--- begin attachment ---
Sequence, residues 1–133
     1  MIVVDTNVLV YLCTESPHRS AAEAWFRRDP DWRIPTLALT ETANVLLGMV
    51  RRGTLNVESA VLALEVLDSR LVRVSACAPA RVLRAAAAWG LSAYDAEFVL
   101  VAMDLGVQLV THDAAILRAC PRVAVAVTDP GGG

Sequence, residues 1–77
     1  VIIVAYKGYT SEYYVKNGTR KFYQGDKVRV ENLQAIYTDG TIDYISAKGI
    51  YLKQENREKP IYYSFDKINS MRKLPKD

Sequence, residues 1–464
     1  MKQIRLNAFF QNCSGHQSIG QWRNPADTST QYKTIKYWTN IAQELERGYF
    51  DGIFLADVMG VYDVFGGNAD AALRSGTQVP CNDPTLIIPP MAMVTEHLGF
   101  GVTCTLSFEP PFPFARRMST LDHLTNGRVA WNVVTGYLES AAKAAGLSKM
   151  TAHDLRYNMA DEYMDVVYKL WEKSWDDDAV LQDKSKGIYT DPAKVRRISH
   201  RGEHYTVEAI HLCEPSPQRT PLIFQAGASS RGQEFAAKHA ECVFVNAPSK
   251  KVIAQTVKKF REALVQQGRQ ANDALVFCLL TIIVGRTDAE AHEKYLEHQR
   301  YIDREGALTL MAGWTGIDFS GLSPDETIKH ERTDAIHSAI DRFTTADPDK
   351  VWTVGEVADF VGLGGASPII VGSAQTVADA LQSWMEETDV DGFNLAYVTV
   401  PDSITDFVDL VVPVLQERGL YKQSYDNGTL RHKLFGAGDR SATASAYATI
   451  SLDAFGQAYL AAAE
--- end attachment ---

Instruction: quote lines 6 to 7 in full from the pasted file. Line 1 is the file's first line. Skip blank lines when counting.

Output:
     1  VIIVAYKGYT SEYYVKNGTR KFYQGDKVRV ENLQAIYTDG TIDYISAKGI
    51  YLKQENREKP IYYSFDKINS MRKLPKD